word) mishigamaa, meaning "large water" or "large lake".[3][7] Michigan
Michigan
is the tenth most populous of the 50 United States, with the 11th most extensive total area, and the largest state by total area east of the Mississippi
Mississippi
River.[b] Michigan's capital is Lansing, and its largest city is Detroit. Michigan
Michigan
is the only state to consist of two peninsulas. The Lower Peninsula, to which the name Michigan
Michigan
was originally applied, is often noted to be shaped like a mitten
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United States Olympic Committee
The United States
United States
Olympic Committee (USOC) is the National Olympic Committee for the United States. It was founded in 1895 and headquartered in Colorado
Colorado
Springs, Colorado. In addition, the USOC is one of only four NOCs in the world that also serve as the National Paralympic Committee for their country. The USOC is responsible for supporting, entering and overseeing U.S. teams for the Olympic Games, Paralympic Games, Youth Olympic Games, Pan American Games, and Parapan American Games and serves as the steward of the Olympic and Paralympic Movements in the United States. The Olympic Movement is overseen by the International Olympic Committee
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Amphetamine
Amphetamine[note 1] (contracted from alpha-methylphenethylamine) is a potent central nervous system (CNS) stimulant that is used in the treatment of attention deficit hyperactivity disorder (ADHD), narcolepsy, and obesity. Amphetamine
Amphetamine
was discovered in 1887 and exists as two enantiomers:[note 2] levoamphetamine and dextroamphetamine. Amphetamine
Amphetamine
properly refers to a specific chemical, the racemic free base, which is equal parts of the two enantiomers, levoamphetamine and dextroamphetamine, in their pure amine forms. The term is frequently used informally to refer to any combination of the enantiomers, or to either of them alone. Historically, it has been used to treat nasal congestion and depression. Amphetamine
Amphetamine
is also used as an athletic performance enhancer and cognitive enhancer, and recreationally as an aphrodisiac and euphoriant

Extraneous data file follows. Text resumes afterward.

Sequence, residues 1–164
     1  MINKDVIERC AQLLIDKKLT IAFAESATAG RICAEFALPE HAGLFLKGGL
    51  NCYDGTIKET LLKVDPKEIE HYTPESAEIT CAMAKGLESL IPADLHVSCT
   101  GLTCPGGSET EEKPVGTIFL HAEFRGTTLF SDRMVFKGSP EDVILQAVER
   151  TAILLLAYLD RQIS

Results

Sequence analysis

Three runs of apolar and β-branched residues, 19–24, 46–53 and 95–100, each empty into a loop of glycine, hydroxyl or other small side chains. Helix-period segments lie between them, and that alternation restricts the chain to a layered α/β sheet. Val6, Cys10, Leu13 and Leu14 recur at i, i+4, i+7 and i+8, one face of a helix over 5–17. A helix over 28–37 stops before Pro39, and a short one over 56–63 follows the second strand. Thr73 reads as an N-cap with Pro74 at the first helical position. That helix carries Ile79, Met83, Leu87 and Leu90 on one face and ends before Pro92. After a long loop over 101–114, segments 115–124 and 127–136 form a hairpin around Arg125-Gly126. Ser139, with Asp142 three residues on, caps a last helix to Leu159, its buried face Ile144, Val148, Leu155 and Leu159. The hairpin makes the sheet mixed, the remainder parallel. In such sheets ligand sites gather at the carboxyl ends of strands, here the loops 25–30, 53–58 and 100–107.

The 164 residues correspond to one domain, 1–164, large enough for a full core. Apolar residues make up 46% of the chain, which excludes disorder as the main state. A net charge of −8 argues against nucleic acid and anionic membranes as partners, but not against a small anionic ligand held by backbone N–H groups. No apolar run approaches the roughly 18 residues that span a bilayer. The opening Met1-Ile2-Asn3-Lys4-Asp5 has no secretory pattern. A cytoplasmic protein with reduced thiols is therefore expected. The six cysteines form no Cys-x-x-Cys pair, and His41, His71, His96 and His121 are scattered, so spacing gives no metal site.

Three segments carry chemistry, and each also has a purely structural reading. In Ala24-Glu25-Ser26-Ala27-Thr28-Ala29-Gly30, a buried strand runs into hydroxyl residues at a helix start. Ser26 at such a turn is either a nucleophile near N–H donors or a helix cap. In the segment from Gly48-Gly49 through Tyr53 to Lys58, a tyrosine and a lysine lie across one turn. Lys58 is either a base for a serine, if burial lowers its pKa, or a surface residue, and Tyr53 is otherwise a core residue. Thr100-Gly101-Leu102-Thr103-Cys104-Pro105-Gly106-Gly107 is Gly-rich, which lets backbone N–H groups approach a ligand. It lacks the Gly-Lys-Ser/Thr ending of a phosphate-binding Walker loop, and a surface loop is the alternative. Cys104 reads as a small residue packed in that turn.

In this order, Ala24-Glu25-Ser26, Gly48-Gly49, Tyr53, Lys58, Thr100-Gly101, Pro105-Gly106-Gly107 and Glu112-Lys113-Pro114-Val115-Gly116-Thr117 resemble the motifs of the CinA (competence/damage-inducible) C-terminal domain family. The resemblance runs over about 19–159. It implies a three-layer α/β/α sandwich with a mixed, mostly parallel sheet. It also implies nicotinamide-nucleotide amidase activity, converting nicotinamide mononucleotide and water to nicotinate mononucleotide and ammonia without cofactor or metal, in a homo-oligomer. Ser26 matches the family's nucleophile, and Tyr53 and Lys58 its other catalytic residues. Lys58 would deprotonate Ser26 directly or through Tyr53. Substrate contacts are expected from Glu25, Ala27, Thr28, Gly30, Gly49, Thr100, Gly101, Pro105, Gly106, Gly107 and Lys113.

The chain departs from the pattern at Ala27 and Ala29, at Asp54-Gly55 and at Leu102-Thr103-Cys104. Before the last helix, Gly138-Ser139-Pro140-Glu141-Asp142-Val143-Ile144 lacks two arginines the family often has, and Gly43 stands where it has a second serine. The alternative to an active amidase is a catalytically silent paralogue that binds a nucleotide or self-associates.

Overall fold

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National Federation Of State High School Associations
The National Federation of State High School Associations
National Federation of State High School Associations
(NFHS) is the body that writes the rules of competition for most high school sports and activities in the United States. NFHS's headquarters are located in White River State Park
White River State Park
in Indianapolis, Indiana.[2]Contents1 Member and affiliate associations1.1 Member associations 1.2 Affiliate associations2 Players by sport 3 Executive Directors 4 NFHS National High School Hall of Fame 5 See also 6 References, including organizations' official websites 7 Further reading 8 External linksMember and affiliate associations[edit] Over 17,000 high schools belong to associations that are members of the NFHS. Most high schools, whether public or private, belong to their state's high school association; in turn, each state association belongs to the NFHS
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The New York Times
The New York Times
The New York Times
(sometimes abbreviated as The NYT or The Times) is an American newspaper based in New York City
New York City
with worldwide influence and readership.[6][7][8] Founded in 1851, the paper has won 122 Pulitzer Prizes, more than any other newspaper.[9][10] As of September 2016, it had the largest combined print-and-digital circulation of any daily newspaper in the United States.[11] The New York Times is ranked 18th in the world by circulation. The paper is owned by The New York Times
The New York Times
Company, which is publicly traded but primarily controlled by the Ochs-Sulzberger family through a dual-class share structure.[12] It has been owned by the family since 1896; A.G